• A small beginning has led us to a great ending. If I were to put the bit of chalk with which we started into the hot but obscure flame of burning hydrogen, it would presently shine like the sun. It seems to me that this physical metamorphosis is no false image of what has been the result of our subjecting it to a jet of fervent, though nowise brilliant, thought to-night. It has become luminous, and its clear rays, penetrating the abyss of the remote past, have brought within our ken some stages of the evolution of the earth. And in the shifting "without haste, but without rest" of the land and sea, as in the endless variation of the forms assumed by living beings, we have observed nothing but the natural product of the forces originally possessed by the substance of the universe.


  • The great tragedy of Science — the slaying of a beautiful hypothesis by an ugly fact.
  • I can assure you that there is the greatest practical benefit in making a few failures early in life. You learn that which is of inestimable importance — that there are a great many people in the world who are just as clever as you are. You learn to put your trust, by and by, in an economy and frugality of the exercise of your powers, both moral and intellectual; and you very soon find out, if you have not found it out before, that patience and tenacity of purpose are worth more than twice their weight of cleverness.
  • The only good that I can see in the demonstration of the truth of "Spiritualism" is to furnish an additional argument against suicide. Better live a crossing-sweeper than die and be made to talk twaddle by a "medium" hired at a guinea a séance.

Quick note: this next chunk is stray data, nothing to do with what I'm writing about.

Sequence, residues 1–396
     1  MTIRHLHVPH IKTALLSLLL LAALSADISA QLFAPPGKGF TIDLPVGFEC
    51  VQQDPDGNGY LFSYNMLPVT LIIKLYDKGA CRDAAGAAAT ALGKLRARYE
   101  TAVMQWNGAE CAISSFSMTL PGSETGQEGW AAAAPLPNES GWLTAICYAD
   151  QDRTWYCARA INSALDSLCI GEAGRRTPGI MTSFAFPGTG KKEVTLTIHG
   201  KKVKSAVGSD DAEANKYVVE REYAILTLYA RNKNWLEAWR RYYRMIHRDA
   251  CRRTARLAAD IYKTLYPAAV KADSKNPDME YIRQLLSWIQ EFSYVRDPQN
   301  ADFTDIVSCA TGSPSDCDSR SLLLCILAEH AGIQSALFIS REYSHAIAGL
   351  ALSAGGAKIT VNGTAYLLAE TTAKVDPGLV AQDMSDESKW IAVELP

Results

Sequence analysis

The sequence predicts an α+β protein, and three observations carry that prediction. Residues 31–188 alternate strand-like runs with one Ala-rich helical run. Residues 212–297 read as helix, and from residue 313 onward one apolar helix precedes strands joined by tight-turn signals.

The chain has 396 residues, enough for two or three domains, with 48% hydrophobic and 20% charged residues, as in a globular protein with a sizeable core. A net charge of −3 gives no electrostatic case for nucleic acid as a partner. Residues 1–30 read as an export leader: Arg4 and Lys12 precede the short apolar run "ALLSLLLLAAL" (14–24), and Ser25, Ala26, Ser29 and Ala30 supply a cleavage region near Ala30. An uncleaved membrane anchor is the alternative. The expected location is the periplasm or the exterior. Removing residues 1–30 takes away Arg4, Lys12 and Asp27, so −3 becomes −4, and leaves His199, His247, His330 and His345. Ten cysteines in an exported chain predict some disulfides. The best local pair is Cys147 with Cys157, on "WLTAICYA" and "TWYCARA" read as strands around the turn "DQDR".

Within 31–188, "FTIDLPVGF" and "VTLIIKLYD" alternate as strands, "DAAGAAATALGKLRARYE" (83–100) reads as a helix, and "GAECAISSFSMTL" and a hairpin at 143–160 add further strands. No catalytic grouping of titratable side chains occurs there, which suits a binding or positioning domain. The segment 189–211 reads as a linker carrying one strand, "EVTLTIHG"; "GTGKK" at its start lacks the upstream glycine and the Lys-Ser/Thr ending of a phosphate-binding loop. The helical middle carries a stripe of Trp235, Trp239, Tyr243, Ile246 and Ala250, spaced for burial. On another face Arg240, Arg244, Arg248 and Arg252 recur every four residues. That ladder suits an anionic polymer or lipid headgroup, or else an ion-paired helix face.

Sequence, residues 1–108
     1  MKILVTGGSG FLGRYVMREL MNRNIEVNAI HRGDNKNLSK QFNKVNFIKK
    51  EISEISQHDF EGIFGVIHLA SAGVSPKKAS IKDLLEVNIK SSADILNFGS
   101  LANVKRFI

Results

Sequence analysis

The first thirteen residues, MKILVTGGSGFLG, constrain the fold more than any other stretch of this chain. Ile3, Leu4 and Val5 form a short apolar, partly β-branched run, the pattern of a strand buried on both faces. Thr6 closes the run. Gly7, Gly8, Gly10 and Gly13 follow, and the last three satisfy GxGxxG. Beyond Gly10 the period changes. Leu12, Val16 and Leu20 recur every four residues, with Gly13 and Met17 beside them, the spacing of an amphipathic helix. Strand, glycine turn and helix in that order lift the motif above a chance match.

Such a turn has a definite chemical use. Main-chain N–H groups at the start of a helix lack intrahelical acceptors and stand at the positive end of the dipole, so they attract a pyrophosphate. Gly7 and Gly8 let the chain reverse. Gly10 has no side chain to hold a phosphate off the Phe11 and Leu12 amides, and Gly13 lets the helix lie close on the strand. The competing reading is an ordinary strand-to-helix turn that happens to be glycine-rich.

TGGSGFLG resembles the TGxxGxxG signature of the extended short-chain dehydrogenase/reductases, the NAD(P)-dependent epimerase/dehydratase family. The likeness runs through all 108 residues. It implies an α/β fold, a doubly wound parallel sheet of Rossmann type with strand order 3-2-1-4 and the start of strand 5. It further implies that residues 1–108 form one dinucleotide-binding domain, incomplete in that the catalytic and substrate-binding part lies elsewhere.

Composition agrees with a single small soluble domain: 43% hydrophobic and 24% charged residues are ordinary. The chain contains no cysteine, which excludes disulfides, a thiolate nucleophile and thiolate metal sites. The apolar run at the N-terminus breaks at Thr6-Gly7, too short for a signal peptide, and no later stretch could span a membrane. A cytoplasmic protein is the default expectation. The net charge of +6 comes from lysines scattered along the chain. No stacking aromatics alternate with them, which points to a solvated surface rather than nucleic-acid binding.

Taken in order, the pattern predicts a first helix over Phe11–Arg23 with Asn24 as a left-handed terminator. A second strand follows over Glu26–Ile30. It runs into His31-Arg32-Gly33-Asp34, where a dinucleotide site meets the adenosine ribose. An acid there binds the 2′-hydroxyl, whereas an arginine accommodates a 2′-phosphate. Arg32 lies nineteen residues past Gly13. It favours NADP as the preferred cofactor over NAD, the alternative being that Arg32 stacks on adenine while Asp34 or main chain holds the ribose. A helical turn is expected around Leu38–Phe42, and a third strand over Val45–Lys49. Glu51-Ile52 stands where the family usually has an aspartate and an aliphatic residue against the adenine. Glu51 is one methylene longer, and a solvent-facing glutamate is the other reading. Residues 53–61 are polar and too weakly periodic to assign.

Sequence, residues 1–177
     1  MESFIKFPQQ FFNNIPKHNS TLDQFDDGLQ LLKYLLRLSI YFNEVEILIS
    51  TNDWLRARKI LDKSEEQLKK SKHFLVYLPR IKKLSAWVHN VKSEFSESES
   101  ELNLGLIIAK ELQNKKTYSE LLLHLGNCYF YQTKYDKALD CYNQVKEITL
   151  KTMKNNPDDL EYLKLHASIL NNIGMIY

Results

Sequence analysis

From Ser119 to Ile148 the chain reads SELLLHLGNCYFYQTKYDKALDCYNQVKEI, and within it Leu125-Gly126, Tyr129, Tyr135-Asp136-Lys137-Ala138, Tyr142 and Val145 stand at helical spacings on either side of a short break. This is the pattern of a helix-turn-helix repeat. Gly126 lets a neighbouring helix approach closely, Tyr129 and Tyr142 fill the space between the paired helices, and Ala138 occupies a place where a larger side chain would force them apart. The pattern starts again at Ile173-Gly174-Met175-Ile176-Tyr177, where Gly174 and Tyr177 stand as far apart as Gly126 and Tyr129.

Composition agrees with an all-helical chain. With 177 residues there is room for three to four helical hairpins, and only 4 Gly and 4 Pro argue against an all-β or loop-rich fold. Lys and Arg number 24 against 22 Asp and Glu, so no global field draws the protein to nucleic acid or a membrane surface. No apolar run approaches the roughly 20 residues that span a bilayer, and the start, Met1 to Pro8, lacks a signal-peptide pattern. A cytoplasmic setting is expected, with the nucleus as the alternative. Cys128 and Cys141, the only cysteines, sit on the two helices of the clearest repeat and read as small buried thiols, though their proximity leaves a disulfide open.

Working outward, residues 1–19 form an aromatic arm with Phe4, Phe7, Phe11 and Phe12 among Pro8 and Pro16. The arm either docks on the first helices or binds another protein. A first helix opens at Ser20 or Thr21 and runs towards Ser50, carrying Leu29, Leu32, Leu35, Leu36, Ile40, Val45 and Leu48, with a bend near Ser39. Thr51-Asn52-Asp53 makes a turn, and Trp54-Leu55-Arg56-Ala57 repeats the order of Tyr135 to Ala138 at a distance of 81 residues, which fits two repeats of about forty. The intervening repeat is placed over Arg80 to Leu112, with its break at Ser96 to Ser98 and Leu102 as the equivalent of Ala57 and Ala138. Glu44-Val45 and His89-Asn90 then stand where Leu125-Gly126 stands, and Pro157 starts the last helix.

• Review in the Daily News (17 October 1871), quoted in Life and Letters of Thomas Henry Huxley F.R.S (1900) edited by Leonard Huxley, Vol. 1, p. 452.
  • I do not advocate burning your ship to get rid of the cockroaches.
    • Said in reference to those who wished to abolish all religious teaching, rather than freeing state education from Church controls, in Critiques and Addresses (1873) p. 90.
  • In an ideal University, as I conceive it, a man should be able to obtain instruction in all forms of knowledge, and discipline in the use of all the methods by which knowledge is obtained. In such a University, the force of living example should fire the student with a noble ambition to emulate the learning of learned men, and to follow in the footsteps of the explorers of new fields of knowledge. And the very air he breathes should be charged with that enthusiasm for truth, that fanaticism of veracity, which is a greater possession than much learning; a nobler gift than the power of increasing knowledge; by so much greater and nobler than these, as the moral nature of man is greater than the intellectual; for veracity is the heart of morality.